Advertisement

Crack Team Stages 'Shit-In' To Protest Plastic-Wrapped Toilet Paper

A team of protesters hit Sydney's most iconic beach to call out major toilet paper companies for their overuse of plastic.

Plastic Free July kicked off on Monday, and to bring attention to the cause, environmentalists and filmmakers Paul Hellier and Jamie Lepre dropped their dacks along the Bondi promenade.

Reading newspapers on toilets brought in for the occasion, and surrounded by a wall of name-brand toilet paper rolls -- including Quilton, Sorbent, Kleenex -- the pair left little to the imagination as they live-streamed on Facebook what they dubbed a "shit-in".

"We're petitioning against using toilet paper that's wrapped in plastic," Lepre said in the video.

"In Australia 2 billion toilet rolls come from the supermarket and they're just about all wrapped in plastic," Hellier added.

"How am I supposed to avoid paper wrapped in plastic?"

After asking social media followers what they believed was going to be the biggest challenge this Plastic Free July, the pair said a surprising number of people were at a loss about how to buy plastic-free toilet paper -- an undeniable grocery staple.

"So we thought that was a pretty good challenge, and why not come down to Bondi beach and sit here with our pants around our ankles raising awareness because we're dedicated to the cause," Hellier said.

After all, you do your best thinking on the loo.

READ MOREBy 2050 There Will Be More Plastic In Our Oceans Than Fish

READ MOREMost Countries, Except U.S. Agree to Stop Dumping Plastic Waste In Poor Nations

During the live-stream, one woman stopped during her morning walk to find out why two men were sitting on porcelain thrones down by the sand.

"Good for you, considering it's only about eight degrees," she said after they explained.

"Yeah, things are looking a bit small," Lepre replied.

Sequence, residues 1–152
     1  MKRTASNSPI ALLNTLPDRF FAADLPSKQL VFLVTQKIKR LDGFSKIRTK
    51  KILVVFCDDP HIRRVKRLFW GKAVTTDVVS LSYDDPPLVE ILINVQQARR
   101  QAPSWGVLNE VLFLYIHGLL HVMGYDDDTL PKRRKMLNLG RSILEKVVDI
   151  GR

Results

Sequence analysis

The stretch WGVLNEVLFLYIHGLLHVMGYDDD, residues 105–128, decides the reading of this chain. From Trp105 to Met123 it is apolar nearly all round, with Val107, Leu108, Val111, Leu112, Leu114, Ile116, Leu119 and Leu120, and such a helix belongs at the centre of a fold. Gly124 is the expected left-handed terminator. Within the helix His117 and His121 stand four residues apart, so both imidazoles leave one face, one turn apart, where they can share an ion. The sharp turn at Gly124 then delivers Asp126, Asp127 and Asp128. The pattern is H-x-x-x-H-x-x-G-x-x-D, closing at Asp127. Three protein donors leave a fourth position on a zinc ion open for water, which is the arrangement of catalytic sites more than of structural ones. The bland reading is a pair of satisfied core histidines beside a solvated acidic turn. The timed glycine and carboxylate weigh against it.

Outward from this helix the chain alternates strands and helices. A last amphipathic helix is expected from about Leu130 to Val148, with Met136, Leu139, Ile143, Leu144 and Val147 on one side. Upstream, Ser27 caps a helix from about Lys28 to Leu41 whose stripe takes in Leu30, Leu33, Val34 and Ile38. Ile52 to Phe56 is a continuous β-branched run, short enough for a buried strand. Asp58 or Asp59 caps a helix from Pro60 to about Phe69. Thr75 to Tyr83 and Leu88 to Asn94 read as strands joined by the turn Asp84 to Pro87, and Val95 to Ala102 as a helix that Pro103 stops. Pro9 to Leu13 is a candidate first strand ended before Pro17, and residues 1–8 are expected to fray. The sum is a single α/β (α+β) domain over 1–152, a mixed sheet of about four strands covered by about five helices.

The push to cut down on plastic packaging is being felt across all industries, as consumers become increasingly aware of the waste their daily activities are leaving behind.

At least 335 million tonnes of the material is produced each year, with the amount of plastic pollution expected to double by 2030, according to the World Wildlife Fund.

Microplastics have been found in even the most remote and pristine parts of the Antarctic, while earlier this year an exploratory mission to the bottom of the Mariana Trench -- the deepest point on earth -- discovered plastic rubbish.

READ MORE: How Your Trash Could Become An Unlikely Treasure For Australia's Economy

Hellier and Lepre are the co-founders and creators of Peloton Against Plastic -- a documentary chronicling the journey through three of the world's top five plastic polluting countries.

The duo cycled through Vietnam, Cambodia and Thailand in a bid to better understand the problem and meet local campaigners who are fighting against it.

The feature length film will air in 40 cinemas across Australia on July 31.

Plastic Free July -- which began back in 2011 in Western Australia -- has grown into a global movement aimed at reducing plastic pollution.

Last year, 120 million people across 177 countries took part in the challenge to reduce their consumption of the material, according to the Plastic Free Foundation.